Curative surgery is not possible in HCC patients due to late diagnosis and/or advanced underlying liver cirrhosis[4]. Only limited treatment options such as resection and transplantation, radiofrequency ablation and transarterial chemoembolization with marginal clinical benefits are available for majority of patients. The cytotoxic systemic therapy options usually fail in patients with HCC due to the chemoresistance[5]. Though most commonly used drug is Doxorubicin[6], a combination of Sorafenib and Doxorubicin therapy is more beneficial in patients with advanced HCC[7]. Recent reviews summarized a list of agents for the treatment of HCC[8,9]. Despite ongoing development in treatment for HCC, effective biomarkers for diagnosis and treatment for HCC are not available.

Alpha-fetoprotein (AFP) is a biomarker, currently used for screening patients at-risk of HCC. AFP is not a good marker as many other liver diseases can also increase blood level of AFP. Furthermore, AFP is not always elevated in early stages of cancer development, when therapy is mostly effective. Other serum markers for HCC have now been identified in addition to AFP. These are, for example, an abnormal prothrombin molecule, des-γ-carboxyprothrombin, cell-surface proteoglycan, glypican-3, glycoprotein, osteopontin, golgi protein 73, microRNA-21, α-1-fucosidase, human telomerase reverse transcriptase, squamous cell carcinoma antigen, and transforming growth factor-β1. Data suggest that a combination of biomarker may be more effective[10]. More importantly, nine Food and Drug Administration-approved blood based cancer markers are used to monitor the treatment[11]. Profiling of proteins puts proteomics on the forefront to understand promising new biomarkers and drug targets for HCC.

HCC proteome database would be an important step towards identifying tumor associated proteins as potential therapeutic targets in the treatment of HCC[12]. Basic proteomic approaches including 2-dimensional electrophoresis (2DE), reversed-phase high performance liquid chromatography, size-exclusion chromatography, free-flow electrophoresis, capillary electrophoresis, ion-exchange chromatography along with tools such as MS-based imaging of tissue biopsies, plasmon resonance technique coupled to MS, matrix assisted laser desorption/ionization-time of flight mass spectrometry, surface-enhanced laser desorption/ionization time of flight mass spectrometry (SELDI-TOF MS), 2DE-LC-MS/MS and laser capture microdissection enable the study of cancer proteomics[13]. Most significant advancement in 2DE is two-dimensional difference gel electrophoresis (2D-DIGE), with greater sensitivity and dynamic range due to use of fluorescent cyanine dyes (Cye2, Cye3, and Cye5)[14]. Analysis of HBV related HCC tumor and non-tumor tissues using 2D-DIGE revealed increased expression of heat-shock proteins (hsp70, hsp90) and heterogeneous nuclear ribonucleoproteins (C1 and C2) as tumor biomarkers[14].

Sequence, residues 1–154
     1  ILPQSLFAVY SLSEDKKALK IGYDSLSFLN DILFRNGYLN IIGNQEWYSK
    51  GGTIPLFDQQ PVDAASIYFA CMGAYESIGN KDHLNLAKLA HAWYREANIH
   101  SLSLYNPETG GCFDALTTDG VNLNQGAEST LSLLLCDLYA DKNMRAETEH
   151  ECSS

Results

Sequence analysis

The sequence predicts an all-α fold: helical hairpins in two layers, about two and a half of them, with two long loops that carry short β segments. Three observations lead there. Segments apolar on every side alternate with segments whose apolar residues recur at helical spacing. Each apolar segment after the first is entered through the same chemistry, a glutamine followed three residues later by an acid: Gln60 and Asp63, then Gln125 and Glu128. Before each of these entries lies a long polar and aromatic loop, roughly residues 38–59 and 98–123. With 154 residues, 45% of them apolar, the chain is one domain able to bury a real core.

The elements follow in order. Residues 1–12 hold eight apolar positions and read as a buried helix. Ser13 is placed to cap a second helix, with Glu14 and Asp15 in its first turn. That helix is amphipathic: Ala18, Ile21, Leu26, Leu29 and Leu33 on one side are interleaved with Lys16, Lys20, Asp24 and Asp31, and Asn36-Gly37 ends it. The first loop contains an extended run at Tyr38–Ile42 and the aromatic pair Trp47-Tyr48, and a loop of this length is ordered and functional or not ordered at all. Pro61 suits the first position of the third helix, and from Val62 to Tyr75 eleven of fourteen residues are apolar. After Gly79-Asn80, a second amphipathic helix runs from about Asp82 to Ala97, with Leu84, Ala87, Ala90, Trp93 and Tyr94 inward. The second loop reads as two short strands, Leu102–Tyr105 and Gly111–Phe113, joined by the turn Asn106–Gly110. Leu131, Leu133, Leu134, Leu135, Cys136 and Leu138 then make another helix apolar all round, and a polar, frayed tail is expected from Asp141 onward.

Bioinformatics is essential for proteomic analyses. The Human Proteome Organization (HUPO) has developed the standards for experimental strategies and data exchange[15]. An open basic XML (extensible markup language) representation of MS data, named mzXML, helped accelerate data management, interpretation and dissemination using different instrumentation platforms[16]. Commercial tools available to the proteomics community to analyze two-dimensional electrophoresis protein patterns include Delta2D (Decodon), BioNumerics 2D (Applied maths), Melanie (GeneBio), Imagemaster 2D (GE healthcare), Progenesis Samespots (NonLinear Dynamics), PDQuest (BioRad Laboratories), REDFIN (Ludesi), ProteinMineTM (Scimagix), and the Z3:2D-Gel image Analysis System (Compugen Limited).

Global analysis of proteins faces several challenges, for example, tertiary structure of proteins, detection of low abundance proteins and reversible modifications such as glycosylation and phosphorylation when compared to studies of genes and transcripts. Furthermore, RNA splicing can produce splice variants that are homologous but differ in function. The revolution in the field of proteomics can hopefully overcome some of these hurdles. In last forty years, only few new tests have been added in clinics. A four-way collaboration is required between the research laboratory (for developing the fundamental concept), the diagnostic lab or industry (converting the concept into a hands-on reliable tool), the clinical laboratory (assessing the tool in real life practices), and the clinicians (providing clinical specimens) for bringing a biomarker from the research lab successfully into the clinical practice[17].


Manuscript source: Invited manuscript

Specialty type: Gastroenterology and hepatology

Country of origin: United States

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P- Reviewer: Berlakovich GA, Boin IFSF, Goral V, Tarazov PG S- Editor: Qiu S L- Editor: A E- Editor: Wu HL